Tips by John Martellaro, The Mac Observer
Apple.com is a huge web site, and it’s all to easy to get overwhelmed and lapse into the habit of living in the seven tabs at the top of the home page. But there are some hidden gems of really useful, every day information that I’ve been collecting over the years, so I thought I’d share them with you. 1. Sell your old computer to Apple: Apple Computer Reuse and Recycling. You have several choices if you want to sell your old Mac for cash: Gazelle.com, SellYourMac.com, NextWorth. However, if you don’t like these sites or have heard too many complaints about them, you might want to stick with Apple. On these pages, you can see your lastest case activity and repairs, view the products you’ve registered, and add products that didn’t get registered. You can even nickname your products for easy reference. You’ll need to have an Apple ID.

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Apple is affiliated with PowerOn.com, a company that will send you a post-paid shipping box for return, appraise your Mac, and e-mail you a quote. If you accept the quote, you’ll receive an Apple gift card (not cash) in the mail. If you reject the quote, they’ll ship your computer back to you, post-paid. I’ve used them, and one thing to note is that the return postage is paid, but no insurance is provided. So ship at your own risk or arrange to pay the postage yourself and add insurance. MacTracker is a handy tool to help identify the model number of your Mac — something you’ll need to know. 2. Track your inventory of purchased items: Apple Support - Welcome to My Support Profile. You probably figured that Apple keeps a database of registered products, but did you know you can access an inventory your own purchases?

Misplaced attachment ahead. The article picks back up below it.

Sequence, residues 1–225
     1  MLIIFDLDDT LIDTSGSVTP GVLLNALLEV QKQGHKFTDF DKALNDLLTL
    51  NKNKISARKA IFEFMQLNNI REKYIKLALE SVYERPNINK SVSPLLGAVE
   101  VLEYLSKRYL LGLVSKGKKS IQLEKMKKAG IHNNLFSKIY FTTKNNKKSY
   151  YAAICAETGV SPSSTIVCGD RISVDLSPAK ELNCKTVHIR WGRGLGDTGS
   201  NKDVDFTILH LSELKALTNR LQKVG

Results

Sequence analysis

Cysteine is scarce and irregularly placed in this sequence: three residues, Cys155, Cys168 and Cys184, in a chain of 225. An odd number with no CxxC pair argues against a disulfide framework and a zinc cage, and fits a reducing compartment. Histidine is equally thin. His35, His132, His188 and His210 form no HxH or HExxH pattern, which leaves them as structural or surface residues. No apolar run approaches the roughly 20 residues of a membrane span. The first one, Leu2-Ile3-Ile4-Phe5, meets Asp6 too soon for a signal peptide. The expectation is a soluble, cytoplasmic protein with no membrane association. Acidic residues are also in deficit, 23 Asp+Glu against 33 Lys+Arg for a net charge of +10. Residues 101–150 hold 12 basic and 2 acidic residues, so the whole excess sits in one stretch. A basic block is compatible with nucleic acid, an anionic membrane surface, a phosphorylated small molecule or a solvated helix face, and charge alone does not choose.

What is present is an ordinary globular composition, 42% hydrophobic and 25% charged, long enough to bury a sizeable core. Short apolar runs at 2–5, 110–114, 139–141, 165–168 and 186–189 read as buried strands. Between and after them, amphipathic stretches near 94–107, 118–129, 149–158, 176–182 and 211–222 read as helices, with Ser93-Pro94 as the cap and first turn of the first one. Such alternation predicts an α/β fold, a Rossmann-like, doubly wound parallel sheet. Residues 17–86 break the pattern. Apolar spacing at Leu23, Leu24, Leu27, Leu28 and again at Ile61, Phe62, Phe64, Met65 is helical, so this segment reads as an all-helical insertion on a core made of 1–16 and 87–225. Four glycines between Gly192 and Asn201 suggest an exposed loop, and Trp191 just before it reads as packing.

3. Track your AppleCare coverage: Apple - Support AppleCare Agreements List. This page shows you a list of all the equipment for which you have an AppleCare Agreement, the Agreement number, the status, expiration date, and the product serial number.

4. Information for Government Employees, buy Apple Equipment at a Discount. Apple - Business - Mac Solutions - IT - Government. Local, state and federal government employees and contractors can learn about: Directory Services, Networking, VPN, Mac & PC file sharing, security, GSA schedules, Common Criteria, CRYPTOCards, export compliance, how to buy Apple equipment at a slight discount and a whole lot more.

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5. Apple Security Updates. This page has a list of all the Apple security updates, products for which they were released, the release date, and related articles. If you need to see which CVE-IDs were fixed in each update, this is the place to go.

7. Apple Serial Number Info (Non-Apple) This page will tell you a lot about your Mac; just enter the serial number. It’s useful to find out when and where you Mac was built, if there were any production flaws or warranty issues that resulted in a repair program, check your warranty, and check on important firmware updates. You can also register a serial number as stolen. Of course, there are many more useful pages like this, but these are the ones I found notable.

Program Coordinator